Occupational therapy is a client-centred health profession concerned with promoting health and well being through occupation. The primary goal of occupational therapy is to enable people to participate in the activities of everyday life. Occupational therapists achieve this outcome by working with people and communities to enhance their ability to engage in the occupations they want to, need to, or are expected to do, or by modifying the occupation or the environment to better support their occupational engagement.
What does an OT do? Occupational therapists work with individuals of any age to promote and enable effective participation in the occupations of everyday life. Occupational therapists work with people who experience difficulties in these areas for any reason, and are present in both physical disability and mental health services.
The occupations of everyday life include:
Activities of daily living: Self-care activities such as showering, dressing, grooming and eating
Household and community functioning: Home maintenance, driving, budgeting, shopping and community mobility
Education: Activities which allow a person to participate effectively in a learning environment
Leisure and play
Social participation: Interacting positively with others in the community
Work (paid and unpaid): Participating in employment and volunteer activities
Occupational therapists are also able to assess and recommend assistive technology and/or environmental modifications that will assist individuals to engage in the occupations of everyday life.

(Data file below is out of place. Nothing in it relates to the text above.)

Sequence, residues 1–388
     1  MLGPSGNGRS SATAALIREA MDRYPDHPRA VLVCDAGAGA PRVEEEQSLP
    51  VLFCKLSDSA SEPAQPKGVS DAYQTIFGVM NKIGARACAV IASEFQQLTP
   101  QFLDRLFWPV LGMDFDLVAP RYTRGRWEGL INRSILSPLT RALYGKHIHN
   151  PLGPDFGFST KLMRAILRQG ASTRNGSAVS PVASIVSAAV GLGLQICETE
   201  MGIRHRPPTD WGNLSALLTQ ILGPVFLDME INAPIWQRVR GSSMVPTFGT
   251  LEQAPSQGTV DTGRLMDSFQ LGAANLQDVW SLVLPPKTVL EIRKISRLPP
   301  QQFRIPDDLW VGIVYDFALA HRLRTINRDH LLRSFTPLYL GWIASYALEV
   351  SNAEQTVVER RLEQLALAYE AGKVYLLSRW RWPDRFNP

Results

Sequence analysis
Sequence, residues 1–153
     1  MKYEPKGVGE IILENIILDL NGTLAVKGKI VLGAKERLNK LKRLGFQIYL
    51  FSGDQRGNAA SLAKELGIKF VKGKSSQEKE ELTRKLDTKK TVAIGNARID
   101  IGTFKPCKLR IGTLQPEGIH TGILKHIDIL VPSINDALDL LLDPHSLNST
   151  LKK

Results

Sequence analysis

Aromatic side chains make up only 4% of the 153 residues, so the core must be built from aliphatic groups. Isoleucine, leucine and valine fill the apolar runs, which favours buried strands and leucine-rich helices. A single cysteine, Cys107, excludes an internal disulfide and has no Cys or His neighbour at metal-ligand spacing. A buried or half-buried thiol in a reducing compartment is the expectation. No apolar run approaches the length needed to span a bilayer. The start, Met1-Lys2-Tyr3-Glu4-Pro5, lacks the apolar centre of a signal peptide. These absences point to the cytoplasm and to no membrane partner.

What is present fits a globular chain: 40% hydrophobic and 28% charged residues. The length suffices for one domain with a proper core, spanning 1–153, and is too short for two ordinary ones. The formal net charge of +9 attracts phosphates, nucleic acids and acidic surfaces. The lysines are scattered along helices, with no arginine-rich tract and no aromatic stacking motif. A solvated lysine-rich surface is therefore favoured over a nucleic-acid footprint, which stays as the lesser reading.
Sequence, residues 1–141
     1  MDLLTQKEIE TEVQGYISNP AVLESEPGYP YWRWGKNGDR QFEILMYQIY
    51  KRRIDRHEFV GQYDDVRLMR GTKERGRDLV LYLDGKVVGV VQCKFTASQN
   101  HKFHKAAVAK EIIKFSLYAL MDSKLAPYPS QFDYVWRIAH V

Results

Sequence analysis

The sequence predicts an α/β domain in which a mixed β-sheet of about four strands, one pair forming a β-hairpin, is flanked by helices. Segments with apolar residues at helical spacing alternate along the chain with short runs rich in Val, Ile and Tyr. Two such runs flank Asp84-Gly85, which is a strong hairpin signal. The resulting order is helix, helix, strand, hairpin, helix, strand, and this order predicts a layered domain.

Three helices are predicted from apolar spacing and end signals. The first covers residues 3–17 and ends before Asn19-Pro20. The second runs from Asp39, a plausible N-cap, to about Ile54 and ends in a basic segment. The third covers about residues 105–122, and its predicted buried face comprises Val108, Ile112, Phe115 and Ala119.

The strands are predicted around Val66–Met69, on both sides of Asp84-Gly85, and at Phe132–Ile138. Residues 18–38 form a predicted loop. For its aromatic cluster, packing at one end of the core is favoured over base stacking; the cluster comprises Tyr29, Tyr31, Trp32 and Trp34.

What services do our occupational therapist provide under the NDIS? Our Occupational therapist is skilled in a number of areas, including mental health, rehabilitation, and driving assessments. He can help you to identify interests and goals, manage daily routines at home and in the community, modify daily tasks to make them easier to perform, and recommend activities that you can participate effectively in.
Occupational therapists work with people across the lifespan focusing on 16 and over. He provides a range of supports and services to NDIS participants, including:
Functional capacity assessments
Independent living skills assessments
Assistive technology (aids and equipment) assessment and training
Home modification assessments
Vehicle modification Prescription
OT Driving assessments
Assessment of personal support needs (personal care)
Housing assessments for participants requiring Specialist Disability Accommodation
Functional capacity assessments for participants requiring Supported Independent Living